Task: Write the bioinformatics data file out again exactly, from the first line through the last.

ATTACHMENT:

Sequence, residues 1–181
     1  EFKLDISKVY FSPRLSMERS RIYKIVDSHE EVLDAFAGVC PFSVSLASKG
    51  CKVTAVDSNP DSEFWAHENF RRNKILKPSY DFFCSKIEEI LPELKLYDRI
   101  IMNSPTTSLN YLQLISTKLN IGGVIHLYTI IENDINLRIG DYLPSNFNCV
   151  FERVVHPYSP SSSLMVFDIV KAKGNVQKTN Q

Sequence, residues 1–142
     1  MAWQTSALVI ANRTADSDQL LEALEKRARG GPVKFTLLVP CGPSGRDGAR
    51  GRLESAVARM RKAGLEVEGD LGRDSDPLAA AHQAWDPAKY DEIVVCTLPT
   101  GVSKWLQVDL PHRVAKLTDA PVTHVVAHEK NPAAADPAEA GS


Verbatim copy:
Sequence, residues 1–181
     1  EFKLDISKVY FSPRLSMERS RIYKIVDSHE EVLDAFAGVC PFSVSLASKG
    51  CKVTAVDSNP DSEFWAHENF RRNKILKPSY DFFCSKIEEI LPELKLYDRI
   101  IMNSPTTSLN YLQLISTKLN IGGVIHLYTI IENDINLRIG DYLPSNFNCV
   151  FERVVHPYSP SSSLMVFDIV KAKGNVQKTN Q

Sequence, residues 1–142
     1  MAWQTSALVI ANRTADSDQL LEALEKRARG GPVKFTLLVP CGPSGRDGAR
    51  GRLESAVARM RKAGLEVEGD LGRDSDPLAA AHQAWDPAKY DEIVVCTLPT
   101  GVSKWLQVDL PHRVAKLTDA PVTHVVAHEK NPAAADPAEA GS